Camera tags capture social flexibility of Antarctic minke whales

Anarctic minke whales have shown to be “socially flexible” in their diving and foraging behaviors. Credit: Dave Cade

Researchers have conducted one of the first quantitative studies of social structure and social foraging in Antarctic minke whales, using pioneering animal-borne camera tags.

This study, published in Behavioral Ecology and Sociobiology, sheds light on the complex social and foraging behaviors of these elusive krill specialists within the fragile Antarctic sea-ice ecosystem.

The study was led by Dr. Jenny Allen as a Griffith University Research Associate in collaboration with the University of California Santa Cruz (UCSC). Data were collected in 2018 and 2019 around the Western Antarctic Peninsula as part of a research grant from the National Science Foundation’s Office of Polar Programs to Dr. Ari Friedlaender, a Professor in UCSC’s Ocean Sciences Department.

The study is unique in its use of motion-sensing, video- and audio-recording tags deployed on Antarctic minke whales for the first time to study their ecological role through analysis of their diving, foraging, and social behaviors.

Data analyses focused on the whales’ diving, foraging, and social behaviors, providing fresh insights into their ecological roles.

Findings from the study indicated that Antarctic minke whales exhibit a “fission–fusion” social structure, frequently switching companions.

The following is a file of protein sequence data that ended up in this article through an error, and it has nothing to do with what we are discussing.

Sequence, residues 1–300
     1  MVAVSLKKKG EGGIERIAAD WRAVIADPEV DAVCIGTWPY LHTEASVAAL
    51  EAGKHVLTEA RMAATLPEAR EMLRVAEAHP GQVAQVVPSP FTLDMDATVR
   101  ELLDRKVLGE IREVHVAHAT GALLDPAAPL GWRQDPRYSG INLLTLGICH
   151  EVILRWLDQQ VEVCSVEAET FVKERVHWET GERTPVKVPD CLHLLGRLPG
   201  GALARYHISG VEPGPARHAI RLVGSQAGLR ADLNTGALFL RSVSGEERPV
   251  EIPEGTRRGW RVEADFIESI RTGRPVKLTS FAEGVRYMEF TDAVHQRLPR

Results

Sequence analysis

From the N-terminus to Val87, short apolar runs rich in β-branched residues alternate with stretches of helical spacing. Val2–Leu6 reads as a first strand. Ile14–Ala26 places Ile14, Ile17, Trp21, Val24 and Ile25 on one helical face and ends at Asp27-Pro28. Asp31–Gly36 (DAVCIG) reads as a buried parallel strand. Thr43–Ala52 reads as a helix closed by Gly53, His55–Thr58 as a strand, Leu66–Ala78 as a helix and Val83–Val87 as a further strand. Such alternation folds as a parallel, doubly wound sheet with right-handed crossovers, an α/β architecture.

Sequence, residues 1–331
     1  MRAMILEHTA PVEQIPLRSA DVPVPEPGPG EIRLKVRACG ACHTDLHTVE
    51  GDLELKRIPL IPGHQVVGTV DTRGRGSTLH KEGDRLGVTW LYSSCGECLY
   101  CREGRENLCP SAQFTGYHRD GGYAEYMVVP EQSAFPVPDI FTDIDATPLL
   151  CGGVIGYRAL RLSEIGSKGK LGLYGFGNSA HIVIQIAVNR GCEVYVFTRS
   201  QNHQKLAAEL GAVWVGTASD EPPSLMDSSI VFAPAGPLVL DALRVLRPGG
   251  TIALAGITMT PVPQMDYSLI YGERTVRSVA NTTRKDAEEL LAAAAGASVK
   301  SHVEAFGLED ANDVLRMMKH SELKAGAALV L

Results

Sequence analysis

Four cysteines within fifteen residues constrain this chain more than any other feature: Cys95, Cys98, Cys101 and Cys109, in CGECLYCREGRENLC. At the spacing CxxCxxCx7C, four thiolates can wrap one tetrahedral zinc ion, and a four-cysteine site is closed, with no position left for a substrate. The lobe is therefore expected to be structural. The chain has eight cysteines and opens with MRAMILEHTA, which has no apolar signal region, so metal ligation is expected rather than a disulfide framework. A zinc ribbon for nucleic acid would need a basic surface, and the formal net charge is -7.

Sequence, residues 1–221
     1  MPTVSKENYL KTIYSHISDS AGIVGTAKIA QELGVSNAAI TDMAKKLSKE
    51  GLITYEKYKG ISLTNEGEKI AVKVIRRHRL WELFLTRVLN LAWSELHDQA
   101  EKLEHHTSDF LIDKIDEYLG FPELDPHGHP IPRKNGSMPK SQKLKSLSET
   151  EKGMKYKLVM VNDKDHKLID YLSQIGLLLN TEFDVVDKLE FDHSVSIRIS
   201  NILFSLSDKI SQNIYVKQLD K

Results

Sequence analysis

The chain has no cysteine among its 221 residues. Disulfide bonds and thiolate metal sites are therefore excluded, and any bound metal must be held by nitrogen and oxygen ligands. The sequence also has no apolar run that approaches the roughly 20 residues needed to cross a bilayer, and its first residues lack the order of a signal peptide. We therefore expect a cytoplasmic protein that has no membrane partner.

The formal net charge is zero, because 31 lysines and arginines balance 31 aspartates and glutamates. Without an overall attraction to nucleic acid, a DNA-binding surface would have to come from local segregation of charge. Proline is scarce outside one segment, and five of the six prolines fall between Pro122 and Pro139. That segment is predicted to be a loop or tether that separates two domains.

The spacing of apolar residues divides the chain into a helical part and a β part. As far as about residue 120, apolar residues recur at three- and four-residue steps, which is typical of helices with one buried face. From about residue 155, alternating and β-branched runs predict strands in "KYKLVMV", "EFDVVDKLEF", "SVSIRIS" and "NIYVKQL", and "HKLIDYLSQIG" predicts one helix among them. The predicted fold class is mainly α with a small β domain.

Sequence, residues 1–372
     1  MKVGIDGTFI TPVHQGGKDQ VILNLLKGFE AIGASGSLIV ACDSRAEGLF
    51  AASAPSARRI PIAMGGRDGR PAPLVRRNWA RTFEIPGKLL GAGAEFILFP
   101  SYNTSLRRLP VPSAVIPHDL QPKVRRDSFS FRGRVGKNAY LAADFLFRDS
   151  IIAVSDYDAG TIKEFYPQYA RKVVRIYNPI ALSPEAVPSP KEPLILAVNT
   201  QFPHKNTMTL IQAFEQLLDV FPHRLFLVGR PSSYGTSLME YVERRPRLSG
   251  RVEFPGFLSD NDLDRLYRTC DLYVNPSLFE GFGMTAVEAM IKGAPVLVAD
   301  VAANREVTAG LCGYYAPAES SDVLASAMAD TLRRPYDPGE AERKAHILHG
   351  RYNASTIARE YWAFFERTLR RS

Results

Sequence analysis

This social flexibility is similar to what is seen in several other baleen whale species. In 60.6% of cases, whales were observed forming short-term associations, engaging in both foraging and non-foraging activities.

Larger individuals were more likely to socialize, and this social interaction correlated with a noticeable reduction in their feeding efforts, regardless of dive depth.

Furthermore, the study documented 12 instances where tagged whales associated with each other in pairs or trios.

These groups demonstrated synchronized spatial movement and diving behaviors, suggesting that Antarctic minke whales employed group foraging strategies.

Specifically, 67.5% of associated dives and 64% of associated feeding lunges were synchronized.

“These findings provide essential baseline information on the sociality and group foraging behaviors of Antarctic minke whales,” Dr. Allen said. “Understanding these patterns is crucial, especially as climate change continues to impact the Antarctic ecosystem.”

The study underscored the importance of Antarctic minke whales as top krill predators, highlighting their role within the ecosystem.

The synchronized foraging behavior observed suggested these whales might optimize their feeding efficiency through cooperation, a behavior previously underappreciated in this species.

“This study is fascinating because it provides new information on complex and dynamic social and behavioral patterns by an animal that until now we had very little information about,” says Dr. Friedlaender, the senior investigator on the project.

This research not only enhances our understanding of Antarctic minke whale social and foraging ecology but also encourages the need for future studies aimed at more targeted investigations.

More information:
Jenny A. Allen et al, Evidence of sociality and group foraging in Antarctic minke whales (Balaenoptera bonaerensis), Behavioral Ecology and Sociobiology (2024). DOI: 10.1007/s00265-024-03481-4

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Griffith University


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Camera tags capture social flexibility of Antarctic minke whales (2024, May 27)
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